Welcome back, followers of the fearsome! Nick here, with a bit of info on the tech stuff going on behind the scenes here at Slick Entertainment.

This week I’ll be talking a bit about supporting 4k TV’s in Viking Squad. As you probably know, the regular PS4 supports up to 1080p, which is the resolution we initially designed our game for. 1080p should be enough for everybody, right? Recently 4k monitors and video cards have become more affordable, so naturally there is more of a demand to support 4k resolutions. So it was about time I started looking into what would be required to get our game to run at 4k, in a way that makes it ‘worth it’.

The nice part about our user interface (UI) system is that it is able to work with different screen aspect ratios and sizes, because the UI elements are not linked to exact pixels, but rather to more abstract coordinates. For some games pixel-precise UI is super important (for example RTS’s), but for our type of games with not-so-complicated UI it’s less important. The nice thing about linking UI to abstract window coordinates is that it’s quite easy to scale to different resolutions. So switching to 4k shouldn’t be too hard, right?

So, the first step was to actually get a 4k monitor. I bought an ASUS 4k monitor at NCIX, and connected it, but it turned out that monitor didn’t support HDMI 2.0. This, I found out the hard way, means it will only do 4k resolutions at 30fps. Unacceptable! So I checked Staples, and they had a 4k Samsung monitor for sale for $550 CAD, and it had HDMI 2.0 support. That’s more like it!

I set it all up, connected the monitor, ran the game, and boom 4k! It just worked. Well, sort of. There’s a few little gotcha’s that I solved to make it run smoothly at 60fps in 4k.

4k screens, or 2160p as it really should be called, means you need to fill 3840×2160 pixels = 8,294,400 pixels. That’s a LOT of pixels. We’re using a 32 bit color buffer, which takes up just under 32Mb. That’s a LOT of GPU bandwidth. My old programmer brain thinks “this can’t possible be fast” every step along the way. Modern GPU’s have surprisingly little issues with it though! Of course, our game’s rendering complexity is not anywhere near a AAA type game, but it’s still pretty easy to miss frames at 4k because of the massive amounts of data flying around.

One frame in Viking Squad is rendered as follows:

Step 1: Background. All background elements are rendered to a render-target 2/3’s the size of the front buffer, which is then blurred vertically and horizontally, in two steps, requiring one more render target of 2/3s the size of the front buffer.

Step 2: Foreground. All foreground elements are rendered to a render-target 2/3’s the size of the front buffer, also blurred vertically and horizontally

Step 3: Game. The main view is rendered using a full size render target (same size as the front buffer). First the background texture from Step 1 is drawn, then all the gameplay elements are drawn over top of that, and last the texture from Step 2 is rendered over top of everything using alpha blending.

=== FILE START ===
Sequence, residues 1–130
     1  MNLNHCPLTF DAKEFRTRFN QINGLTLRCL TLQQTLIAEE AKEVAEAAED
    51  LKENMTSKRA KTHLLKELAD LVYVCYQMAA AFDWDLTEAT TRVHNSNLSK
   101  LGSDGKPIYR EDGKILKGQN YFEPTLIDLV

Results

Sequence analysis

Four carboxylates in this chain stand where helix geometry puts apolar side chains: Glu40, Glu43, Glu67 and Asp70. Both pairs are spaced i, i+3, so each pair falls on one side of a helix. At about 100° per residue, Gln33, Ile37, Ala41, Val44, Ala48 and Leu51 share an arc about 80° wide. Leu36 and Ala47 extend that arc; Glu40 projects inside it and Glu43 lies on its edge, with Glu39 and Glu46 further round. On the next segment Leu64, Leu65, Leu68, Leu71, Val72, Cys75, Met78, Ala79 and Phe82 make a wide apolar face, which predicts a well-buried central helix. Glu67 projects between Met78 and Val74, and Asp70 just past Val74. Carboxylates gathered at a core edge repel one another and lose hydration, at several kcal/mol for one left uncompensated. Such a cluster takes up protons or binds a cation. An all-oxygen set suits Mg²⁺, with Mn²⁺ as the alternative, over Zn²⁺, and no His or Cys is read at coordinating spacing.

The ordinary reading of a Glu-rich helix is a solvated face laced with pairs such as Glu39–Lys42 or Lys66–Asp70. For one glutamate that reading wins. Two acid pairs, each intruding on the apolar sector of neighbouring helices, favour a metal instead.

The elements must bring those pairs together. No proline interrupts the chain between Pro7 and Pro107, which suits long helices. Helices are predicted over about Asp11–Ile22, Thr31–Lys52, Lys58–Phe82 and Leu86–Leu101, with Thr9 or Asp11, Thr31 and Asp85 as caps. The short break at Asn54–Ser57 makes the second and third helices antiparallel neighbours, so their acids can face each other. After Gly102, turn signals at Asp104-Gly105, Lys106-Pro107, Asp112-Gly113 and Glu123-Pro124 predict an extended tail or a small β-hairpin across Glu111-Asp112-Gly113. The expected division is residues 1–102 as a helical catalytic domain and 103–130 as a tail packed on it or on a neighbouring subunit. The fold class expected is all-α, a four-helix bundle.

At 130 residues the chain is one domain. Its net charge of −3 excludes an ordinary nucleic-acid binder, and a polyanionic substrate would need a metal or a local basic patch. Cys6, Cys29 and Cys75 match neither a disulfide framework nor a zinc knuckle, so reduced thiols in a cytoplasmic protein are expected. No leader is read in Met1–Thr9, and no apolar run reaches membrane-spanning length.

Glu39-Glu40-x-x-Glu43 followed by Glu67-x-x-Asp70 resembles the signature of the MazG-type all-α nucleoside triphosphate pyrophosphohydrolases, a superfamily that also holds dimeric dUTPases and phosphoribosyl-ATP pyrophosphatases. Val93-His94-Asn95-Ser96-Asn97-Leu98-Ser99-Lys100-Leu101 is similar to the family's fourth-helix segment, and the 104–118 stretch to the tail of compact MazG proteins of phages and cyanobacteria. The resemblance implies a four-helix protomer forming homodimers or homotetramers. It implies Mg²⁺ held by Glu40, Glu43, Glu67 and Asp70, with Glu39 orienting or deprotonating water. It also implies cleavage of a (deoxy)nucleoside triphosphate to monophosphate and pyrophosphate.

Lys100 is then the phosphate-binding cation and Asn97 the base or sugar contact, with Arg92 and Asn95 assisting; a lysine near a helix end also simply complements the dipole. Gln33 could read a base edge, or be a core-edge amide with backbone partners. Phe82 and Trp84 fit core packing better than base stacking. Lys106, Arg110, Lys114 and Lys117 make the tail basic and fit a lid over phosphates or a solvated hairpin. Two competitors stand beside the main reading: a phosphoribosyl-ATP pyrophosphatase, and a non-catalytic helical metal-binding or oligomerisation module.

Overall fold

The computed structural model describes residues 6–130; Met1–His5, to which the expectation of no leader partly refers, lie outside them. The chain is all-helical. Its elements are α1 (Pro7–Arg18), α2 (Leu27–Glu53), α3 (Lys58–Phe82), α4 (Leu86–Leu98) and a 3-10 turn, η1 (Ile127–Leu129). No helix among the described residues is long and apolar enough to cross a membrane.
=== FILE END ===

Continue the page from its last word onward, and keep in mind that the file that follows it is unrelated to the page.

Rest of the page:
Step 4: Bloom. The texture from Step 3 is down-scaled and to a render target of 1/2 the size of the front buffer. This texture us blurred horizontally and vertically using one more render target of 1/2 the size of the front buffer.

Step 5: Combine. The texture from Step 3 is combined with the texture from Step 4, and in the same step the Color Gradingvignette, chromatic aberration and filmgrain are applied.

The texture coming out of Step 4 is now used in the UI system to render the game, and it then renders any UI over top of this.

So as you can see, there are quite a few render targets, which take up a lot of GPU bandwidth. The textures in Step 1, 2 and 4 are all blurred, so to speed up the 4k performance, I made those render targets max out at 1280×720 (which happens to be 2/3 of the front buffer at 1080p). Because of the blur, this reduction in size is hardly noticeable, except for the increased frames per second.

Polygons and Textures

I’ve written a little bit about how we polygonize our textures, and this came in really handy when rendering to 4k. The edges of our characters stay super crisp, and while we need MSAA at 1080p, at 4k resolutions the MSAA can be lowered a bit to save speed and bandwidth.

Inside the polygonized textures we still display the regular texture. I’ve also previously blogged about how I rescale all textures to 1080p resolution. Jesse usually draws all textures at a bit higher resolution than they appear in 1080p, so to get nice crisp textures in 4k, I just turned the re-scaling off.

And here is the result of all this:

Alright, that’s it for this week, keep those games rendering at 60fps!



Twitter: Nick: @nickwaanders Jesse: @jouste Caley: @caleycharchuk SlickEntertainment: @SlickEntInc



Posted by: Under: Slick Entertainment,Tech,Vikingsquad


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Dev Blog

January 20 2017

I almost can’t believe it: Slick Entertainment is a decade old! In the last 10 years we’ve made a bunch of great games, and I am super proud of what we’ve achieved with our small team: 4 fun games, custom C++ engine on 6 different platforms, 3 games feature online multiplayer, all hand-drawn art for […]